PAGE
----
Corey Webster does not seem too worried about his poor 2012 season, but the emergence of Aaron Ross should concern him.
Corey Webster’s awful 2012 performance has been a hot topic all offseason among the New York Giants’ followers and fans. The hope was that the 31-year-old, who narrowly avoided being cut by Big Blue several months ago, would redeem himself in 2013.
Based on events during the first week of training camp, Webster’s rise back to respectability is not off to a good start.
An early injury—and an attitude not befitting a player coming off a down year—has opened the door for Aaron Ross. Ross is back with the team and rejuvenated after a year with the Jacksonville Jaguars, and may overtake Webster as the starting cornerback opposite Prince Amukamara.
The absence of the eight-year veteran gives Ross further momentum to potentially supplant him. I say further because Ross is off to a strong start in camp, looking quick and getting tangible results with interceptions and pass defenses.
The former Jaguar, who spent his first five seasons with the Giants, is happy to be back in New York. Playing for a losing team made him long to return to a franchise with a winning tradition. As you can see in the excerpt below, courtesy of Zach Schonbrun of the New York Times, he’s of the right mindset to have a strong 2013 campaign, even if he has ruffled some feathers along the way:
Ross said he sorely missed the winning mentality that runs inherently through the Giants’ locker room while the Jaguars suffered through a 2-14 season. He drew criticism recently for telling NFL Network that his stint in Jacksonville was like a “nice paid vacation,” referring apparently to the absence of pressure to perform there, unlike in New York.
But Ross has a different mind-set, with a one-year deal in hand and no playing time guaranteed. His teammates have already noticed a change.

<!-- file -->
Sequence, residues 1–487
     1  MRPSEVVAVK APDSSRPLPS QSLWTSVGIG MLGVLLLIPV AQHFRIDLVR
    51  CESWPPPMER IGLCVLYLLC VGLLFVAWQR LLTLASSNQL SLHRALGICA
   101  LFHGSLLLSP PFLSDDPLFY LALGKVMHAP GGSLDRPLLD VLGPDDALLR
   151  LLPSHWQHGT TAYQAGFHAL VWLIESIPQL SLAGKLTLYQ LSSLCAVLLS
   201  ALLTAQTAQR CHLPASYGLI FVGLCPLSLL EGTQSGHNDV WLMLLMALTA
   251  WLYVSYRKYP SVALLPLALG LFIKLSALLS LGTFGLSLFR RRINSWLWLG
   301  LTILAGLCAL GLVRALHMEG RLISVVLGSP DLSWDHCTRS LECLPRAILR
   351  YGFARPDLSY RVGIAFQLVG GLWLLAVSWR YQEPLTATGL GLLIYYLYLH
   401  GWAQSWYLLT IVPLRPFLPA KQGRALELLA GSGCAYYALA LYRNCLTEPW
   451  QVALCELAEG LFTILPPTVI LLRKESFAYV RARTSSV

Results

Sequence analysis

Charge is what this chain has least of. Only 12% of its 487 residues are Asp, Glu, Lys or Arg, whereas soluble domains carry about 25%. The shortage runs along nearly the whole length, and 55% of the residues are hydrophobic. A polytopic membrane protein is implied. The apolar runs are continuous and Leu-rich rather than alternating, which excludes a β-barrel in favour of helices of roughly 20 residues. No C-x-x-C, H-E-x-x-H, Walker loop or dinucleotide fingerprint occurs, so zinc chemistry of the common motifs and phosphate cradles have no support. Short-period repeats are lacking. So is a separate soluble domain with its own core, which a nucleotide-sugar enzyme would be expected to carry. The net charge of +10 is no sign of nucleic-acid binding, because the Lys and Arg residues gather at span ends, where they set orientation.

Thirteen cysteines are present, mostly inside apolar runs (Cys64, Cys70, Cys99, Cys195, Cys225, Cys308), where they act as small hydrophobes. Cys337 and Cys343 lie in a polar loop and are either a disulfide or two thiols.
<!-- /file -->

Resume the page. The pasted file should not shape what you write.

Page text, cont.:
“He seems like he’s a different person,” safety Antrel Rolle said. “He seems like an Aaron Ross that has something to prove.”
Ross is formidable competition for Webster. The 30-year-old started 15 of 16 games back in 2011 in his last season as a Giant. He accumulated a 1.4 Pro Football Focus rating (paid subscription required), playoffs included, over a robust 1,197 snaps.
This is only a slightly above-average performance, but certainly better than Webster’s 2012, which was bad enough to record a minus-11.3 PFF rating, fourth worst in the NFL among cornerbacks who played in at least 25 percent of their team’s defensive snaps.
Hearing Webster talk, you wouldn’t know he is coming off the worst season of his career. He extolled his own virtues a few days into training camp, before suffering the groin injury, to Ralph Vacchiano of the New York Daily News:
I still think I’m a great cornerback. I go out there and compete and work like the best. So yes, sir, you’re only as good as your last game, and that’s what people are going to talk about. I recognized that. But I still work the same way. Nothing fell off.
It is certainly fine for a player to be confident in his abilities, but it would be nice to see Webster acknowledge that he needs to improve after such a poor season.
Webster, however, goes further in his comments to Vacchiano, insinuating strongly that his teammates were partially to blame for his 2012 play:
I would never point the finger and say who was supposed to be here, who was supposed to be there. It doesn’t really matter. As a cornerback I was always taught to have short-term memory. But when I go back and look at the film I know who was supposed to be where. We are honest with each other, so it may have looked a little worse than it seemed.
Will Aaron Ross overtake Corey Webster and become one of the Giants' starting cornerbacks?
Corey, you allowed 988 yards receiving, 330 of which came after the catch, and eight touchdowns. All of these numbers were in the bottom five in the league among cornerbacks. Your performance was as bad as it seemed.
Webster’s starting spot seemed safe coming into training camp, mainly because there appeared to be a lack of competition to push him. Ross’ hungry attitude and early play has suddenly changed this belief.
Webster’s health and attitude put him in a position of weakness in his newfound battle with Ross.
He is sidelined with an injury that does not appear serious but can linger. Assuming he comes back sooner rather than later, his mindset is not conducive to fighting to remain a starter. If he can’t be realistic about how he performed last season, how is he going to come to grips with the fact that his starting spot is not secure?
Webster is still atop the depth chart, and it is always easier to keep a job you already own. At this point, however, that is about the only thing he has going for him.
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